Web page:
Intended for healthcare professionals

Re: Why I decided to provide assisted dying: it is truly patient centred care

As an ordinary Canadian family physician, I have seen a different side of the new ‘Medical Aid in Dying’ regime Dr. Sandy Buchman glowingly describes. The scheme was sold to us and the public as a rare matter of assisting the suicide of extreme terminal illness cases. By a year into it, hundreds (now thousands) had died and over 99% of the deaths were not by self-administration, but intravenously by doctors and nurses. The Canadian euthanasia death rate has continued to escalate, while funding for palliative care services has fallen in several provinces.

The wide eligibility criteria do not require any estimate of prognosis. Yet there is already intense social pressure to widen them further to include euthanasia of children, the healthy disabled, cognitively impaired, and mentally ill.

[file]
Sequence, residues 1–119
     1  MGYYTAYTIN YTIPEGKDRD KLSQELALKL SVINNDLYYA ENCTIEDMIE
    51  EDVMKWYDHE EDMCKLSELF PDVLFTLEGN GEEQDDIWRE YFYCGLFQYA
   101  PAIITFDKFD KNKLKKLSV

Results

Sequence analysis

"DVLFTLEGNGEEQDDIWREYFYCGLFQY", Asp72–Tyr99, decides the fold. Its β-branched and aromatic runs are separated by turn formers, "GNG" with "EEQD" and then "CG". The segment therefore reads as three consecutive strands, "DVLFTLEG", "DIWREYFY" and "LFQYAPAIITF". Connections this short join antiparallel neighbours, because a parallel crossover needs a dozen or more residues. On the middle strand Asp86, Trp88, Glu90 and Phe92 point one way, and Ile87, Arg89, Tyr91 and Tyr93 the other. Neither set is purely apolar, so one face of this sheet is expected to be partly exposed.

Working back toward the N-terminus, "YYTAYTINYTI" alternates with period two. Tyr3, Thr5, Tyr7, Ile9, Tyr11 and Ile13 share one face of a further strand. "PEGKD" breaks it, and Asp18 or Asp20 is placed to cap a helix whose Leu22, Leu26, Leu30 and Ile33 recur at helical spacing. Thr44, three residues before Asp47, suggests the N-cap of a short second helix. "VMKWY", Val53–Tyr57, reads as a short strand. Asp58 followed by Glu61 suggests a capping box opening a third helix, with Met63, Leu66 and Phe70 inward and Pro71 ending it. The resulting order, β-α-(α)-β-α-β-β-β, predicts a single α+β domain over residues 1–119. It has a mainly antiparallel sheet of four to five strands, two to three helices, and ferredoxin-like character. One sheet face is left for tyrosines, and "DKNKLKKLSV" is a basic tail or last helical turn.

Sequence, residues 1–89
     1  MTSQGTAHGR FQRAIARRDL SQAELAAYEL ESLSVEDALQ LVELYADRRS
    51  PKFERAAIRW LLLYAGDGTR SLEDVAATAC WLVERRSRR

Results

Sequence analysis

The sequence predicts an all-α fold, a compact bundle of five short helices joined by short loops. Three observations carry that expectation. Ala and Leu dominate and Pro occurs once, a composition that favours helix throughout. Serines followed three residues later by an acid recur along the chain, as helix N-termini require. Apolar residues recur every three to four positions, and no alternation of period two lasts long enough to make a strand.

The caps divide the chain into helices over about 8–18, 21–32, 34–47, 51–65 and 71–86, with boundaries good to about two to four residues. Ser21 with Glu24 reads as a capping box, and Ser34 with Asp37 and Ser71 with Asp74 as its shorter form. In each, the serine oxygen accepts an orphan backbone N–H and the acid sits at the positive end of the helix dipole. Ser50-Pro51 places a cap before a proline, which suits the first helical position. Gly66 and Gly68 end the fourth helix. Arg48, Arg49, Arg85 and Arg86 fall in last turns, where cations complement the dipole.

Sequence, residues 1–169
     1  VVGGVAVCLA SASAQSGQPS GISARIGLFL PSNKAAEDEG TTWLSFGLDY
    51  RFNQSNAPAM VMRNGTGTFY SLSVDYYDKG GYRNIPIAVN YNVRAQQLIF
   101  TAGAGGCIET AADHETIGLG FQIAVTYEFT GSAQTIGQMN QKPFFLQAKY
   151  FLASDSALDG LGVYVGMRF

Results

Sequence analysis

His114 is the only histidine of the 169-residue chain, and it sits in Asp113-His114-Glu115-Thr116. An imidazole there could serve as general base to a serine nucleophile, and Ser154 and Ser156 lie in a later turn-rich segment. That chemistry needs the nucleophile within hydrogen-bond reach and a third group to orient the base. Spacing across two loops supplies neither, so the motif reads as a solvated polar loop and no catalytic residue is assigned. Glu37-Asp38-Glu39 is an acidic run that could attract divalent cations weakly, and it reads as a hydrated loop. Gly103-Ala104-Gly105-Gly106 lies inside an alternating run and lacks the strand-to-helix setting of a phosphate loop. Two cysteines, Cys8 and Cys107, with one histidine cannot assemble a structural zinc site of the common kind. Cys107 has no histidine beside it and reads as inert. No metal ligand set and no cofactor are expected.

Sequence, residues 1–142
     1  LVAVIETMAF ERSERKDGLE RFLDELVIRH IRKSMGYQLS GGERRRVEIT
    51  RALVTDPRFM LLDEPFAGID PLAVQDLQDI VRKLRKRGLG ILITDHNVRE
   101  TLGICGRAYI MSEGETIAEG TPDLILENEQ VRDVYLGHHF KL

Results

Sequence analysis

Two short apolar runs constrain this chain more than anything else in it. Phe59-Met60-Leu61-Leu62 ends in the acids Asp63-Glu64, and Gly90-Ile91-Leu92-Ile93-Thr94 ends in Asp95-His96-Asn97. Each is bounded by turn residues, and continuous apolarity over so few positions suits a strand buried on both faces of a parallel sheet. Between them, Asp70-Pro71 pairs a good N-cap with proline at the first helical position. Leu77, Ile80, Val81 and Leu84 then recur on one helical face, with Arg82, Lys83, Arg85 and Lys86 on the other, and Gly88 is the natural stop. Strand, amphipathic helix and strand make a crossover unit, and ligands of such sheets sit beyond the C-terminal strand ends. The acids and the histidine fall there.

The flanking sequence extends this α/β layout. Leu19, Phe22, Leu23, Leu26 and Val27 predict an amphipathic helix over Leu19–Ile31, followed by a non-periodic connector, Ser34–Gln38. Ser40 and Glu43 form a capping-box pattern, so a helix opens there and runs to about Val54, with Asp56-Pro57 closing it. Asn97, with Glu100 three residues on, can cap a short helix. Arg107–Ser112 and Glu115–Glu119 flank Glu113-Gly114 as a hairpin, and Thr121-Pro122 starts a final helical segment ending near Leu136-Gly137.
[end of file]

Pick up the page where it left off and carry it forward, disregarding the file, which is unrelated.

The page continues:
Ending life has been re-defined as ‘part of care’. An Ontario court ruling has confirmed that doctors who want nothing to do with euthanasia have to get involved by making an “effective referral”.

Few Canada doctors foresaw that “going neutral” would guarantee the arrival of euthanasia, or that promises of a shot in the arm for palliative care would be forgotten. Even fewer realised they would have no option but cooperate with providing death on demand.

It has become all too easy to end patients’ lives. Learn from our mistakes.

willjohnston@shaw.ca

Competing interests: No competing interests

08 February 2019
Williard P Johnston
Family Physician
Clinical Assistant Professor, University of British Columbia, Department of Family Practice
Vancouver, BC, Canada